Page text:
The development team has been working with Intel, which is “very keen on making technology affordable in developing regions,” according to CS department chair Larry Peterson. And the caching system is already being tested at the Kokrobitey Institute in Ghana and Obafemi Awolowo University in Nigeria. (HT dailyprincetonian.com.)

The interface between technology, altruism, and capitalism is an interesting one. Should inventors like Pai make an effort to make their products accessible at low cost to poor countries? Is that idealism, “creative capitalism,” or good business sense? Is it possible that inventors do more good for the world if instead they try to make as much money as they can?

Some very bright people discuss the question here. My take is roughly John Quiggin’s, which observes that technological creativity is not always — not at first, anyway — linked to profit.

Yet neither the Internet nor the Web was a product of the market economy, and even now the relationship between market incentives and the social contribution made by Internet-related activities is tenuous at best.

Both the Internet and the Web developed as non-commercial activities, outstripping or absorbing a variety of commercial competitors (Genie, Delphi, AOL and so on) before being opened up to commercial use in the mid-1990s. And even since large-scale commercial involvement began, most of the exciting innovation continues to come from noncommercial users (blogs and wikis, for example) or from non-commercial content producers (YouTube, Flickr and so on). By contrast, heavily funded commercial innovations such as push technology and portals have failed or declined into insignificance.

Of course, corporations still have a large role to play in the economy of the Internet. A company like Google, for example, provides services that cannot easily be replicated by users acting either individually or collectively. But Google depends crucially and directly on the content created by users and more generally on the goodwill of the Internet community.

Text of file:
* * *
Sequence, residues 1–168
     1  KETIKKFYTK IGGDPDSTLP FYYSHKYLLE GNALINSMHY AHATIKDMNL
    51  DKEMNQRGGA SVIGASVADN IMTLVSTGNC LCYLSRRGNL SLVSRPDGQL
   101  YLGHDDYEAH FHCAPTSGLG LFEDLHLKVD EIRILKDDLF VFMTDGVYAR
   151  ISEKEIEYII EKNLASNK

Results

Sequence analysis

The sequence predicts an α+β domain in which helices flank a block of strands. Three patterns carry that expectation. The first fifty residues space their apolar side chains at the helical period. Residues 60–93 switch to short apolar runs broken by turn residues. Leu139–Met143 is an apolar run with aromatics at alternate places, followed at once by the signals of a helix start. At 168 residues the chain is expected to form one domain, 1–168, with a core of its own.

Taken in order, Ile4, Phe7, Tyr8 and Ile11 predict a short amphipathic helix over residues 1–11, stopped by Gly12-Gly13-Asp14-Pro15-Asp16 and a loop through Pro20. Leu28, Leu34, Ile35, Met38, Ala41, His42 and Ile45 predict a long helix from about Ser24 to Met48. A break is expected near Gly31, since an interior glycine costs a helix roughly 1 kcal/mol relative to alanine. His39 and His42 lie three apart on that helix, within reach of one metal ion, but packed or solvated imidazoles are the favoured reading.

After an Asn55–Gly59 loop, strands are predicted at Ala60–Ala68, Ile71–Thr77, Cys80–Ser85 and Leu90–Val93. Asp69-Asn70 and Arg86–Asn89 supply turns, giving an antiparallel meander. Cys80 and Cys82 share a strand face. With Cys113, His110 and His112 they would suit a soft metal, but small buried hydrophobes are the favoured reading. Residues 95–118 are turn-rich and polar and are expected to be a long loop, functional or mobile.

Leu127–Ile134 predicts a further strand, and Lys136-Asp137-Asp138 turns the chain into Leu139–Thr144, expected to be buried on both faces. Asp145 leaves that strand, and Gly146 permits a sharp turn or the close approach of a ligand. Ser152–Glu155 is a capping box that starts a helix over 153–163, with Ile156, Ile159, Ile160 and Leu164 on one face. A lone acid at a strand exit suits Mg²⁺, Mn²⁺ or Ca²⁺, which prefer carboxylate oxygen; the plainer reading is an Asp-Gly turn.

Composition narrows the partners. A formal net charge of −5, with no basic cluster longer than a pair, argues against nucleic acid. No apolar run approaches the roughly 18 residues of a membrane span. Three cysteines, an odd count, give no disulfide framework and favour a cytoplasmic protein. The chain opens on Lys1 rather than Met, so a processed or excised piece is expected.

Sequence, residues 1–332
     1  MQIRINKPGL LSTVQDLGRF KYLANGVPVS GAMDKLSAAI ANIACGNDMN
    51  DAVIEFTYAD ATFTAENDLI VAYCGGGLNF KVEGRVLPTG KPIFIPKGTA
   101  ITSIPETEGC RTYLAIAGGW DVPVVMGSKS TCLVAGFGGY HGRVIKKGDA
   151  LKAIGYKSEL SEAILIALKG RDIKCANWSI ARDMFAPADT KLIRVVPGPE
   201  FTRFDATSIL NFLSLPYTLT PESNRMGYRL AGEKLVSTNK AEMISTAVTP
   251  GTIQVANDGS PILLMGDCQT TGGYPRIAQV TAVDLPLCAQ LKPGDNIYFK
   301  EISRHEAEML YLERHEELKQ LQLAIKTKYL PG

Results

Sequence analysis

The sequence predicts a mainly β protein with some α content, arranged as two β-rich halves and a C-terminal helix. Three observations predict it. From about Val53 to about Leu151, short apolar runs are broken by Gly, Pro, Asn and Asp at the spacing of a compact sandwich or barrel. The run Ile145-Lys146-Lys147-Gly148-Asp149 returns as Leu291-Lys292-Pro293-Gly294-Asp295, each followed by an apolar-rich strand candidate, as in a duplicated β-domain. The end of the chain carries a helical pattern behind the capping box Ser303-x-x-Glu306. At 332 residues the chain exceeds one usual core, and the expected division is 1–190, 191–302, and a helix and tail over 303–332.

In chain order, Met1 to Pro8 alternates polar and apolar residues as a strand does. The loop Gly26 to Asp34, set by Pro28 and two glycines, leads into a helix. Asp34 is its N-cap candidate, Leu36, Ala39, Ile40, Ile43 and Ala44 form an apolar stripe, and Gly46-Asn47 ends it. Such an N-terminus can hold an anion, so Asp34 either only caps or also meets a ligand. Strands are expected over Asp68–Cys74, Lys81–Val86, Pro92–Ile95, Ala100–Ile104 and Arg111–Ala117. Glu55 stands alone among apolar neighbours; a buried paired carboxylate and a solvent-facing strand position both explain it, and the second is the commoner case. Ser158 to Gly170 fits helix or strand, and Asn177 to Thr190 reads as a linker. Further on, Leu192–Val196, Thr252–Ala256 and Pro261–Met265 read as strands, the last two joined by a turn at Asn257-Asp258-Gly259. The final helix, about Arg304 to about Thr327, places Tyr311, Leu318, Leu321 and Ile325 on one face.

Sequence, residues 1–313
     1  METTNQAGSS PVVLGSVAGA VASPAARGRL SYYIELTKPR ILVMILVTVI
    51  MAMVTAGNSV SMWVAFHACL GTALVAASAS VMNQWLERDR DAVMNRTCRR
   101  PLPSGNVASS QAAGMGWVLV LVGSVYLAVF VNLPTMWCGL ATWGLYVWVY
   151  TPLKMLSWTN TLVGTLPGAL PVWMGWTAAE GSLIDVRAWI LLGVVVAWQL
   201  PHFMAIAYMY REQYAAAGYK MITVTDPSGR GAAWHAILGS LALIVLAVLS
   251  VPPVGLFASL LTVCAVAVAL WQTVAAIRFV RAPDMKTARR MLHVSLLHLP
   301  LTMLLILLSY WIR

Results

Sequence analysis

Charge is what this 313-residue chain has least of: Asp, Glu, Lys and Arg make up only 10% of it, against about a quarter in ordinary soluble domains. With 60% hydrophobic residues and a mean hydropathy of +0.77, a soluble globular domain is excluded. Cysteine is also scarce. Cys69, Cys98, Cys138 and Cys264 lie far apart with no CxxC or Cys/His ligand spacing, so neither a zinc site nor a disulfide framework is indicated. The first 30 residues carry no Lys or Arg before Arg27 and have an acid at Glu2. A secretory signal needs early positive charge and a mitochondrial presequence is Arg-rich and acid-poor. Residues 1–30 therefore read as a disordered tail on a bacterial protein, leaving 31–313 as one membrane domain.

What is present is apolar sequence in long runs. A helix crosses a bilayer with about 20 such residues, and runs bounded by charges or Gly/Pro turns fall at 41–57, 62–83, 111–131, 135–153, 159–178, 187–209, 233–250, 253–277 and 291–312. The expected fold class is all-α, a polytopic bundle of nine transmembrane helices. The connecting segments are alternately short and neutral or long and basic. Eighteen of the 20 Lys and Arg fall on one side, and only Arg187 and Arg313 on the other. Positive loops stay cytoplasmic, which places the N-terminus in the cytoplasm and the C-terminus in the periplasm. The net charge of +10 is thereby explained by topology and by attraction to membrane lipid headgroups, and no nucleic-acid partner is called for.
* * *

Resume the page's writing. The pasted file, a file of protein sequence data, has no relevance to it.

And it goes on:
If these assets were lost, Google would be vulnerable to displacement; Microsoft’s loss of its seemingly unassailable dominance of both personal computing and the Internet software market is an illustration. Google’s slogan ‘don’t be evil’ and its sensitivity to criticism, for example over its compliance with Chinese censorship laws, illustrates the point. Equally, so do the many products Google creates and gives away, with no obvious path to future profit.

Paradoxically, the most profitable ideas were often not invented to be profitable. The Twitter guys invented a new form of human communication (communicagion?) and they’re not worried that they still don’t make a dime off it. Somehow, they’re sure, they will — and we believe them. People come up with ideas, especially scientific and technological ideas, more out of curiosity than either altruism or greed. Humanitarian and financial benefits usually follow a project that some guy just thought was intellectually cool. Maybe making it possible for a few billion more people to go online will, in the long run, make greater profits than commercial licensing in developed countries ever will. The techie’s ethic of compulsive sharing — reminiscent of Joseph Priestley’s fevered scientific correspondence — doesn’t look very businesslike, but it makes useful ideas happen faster.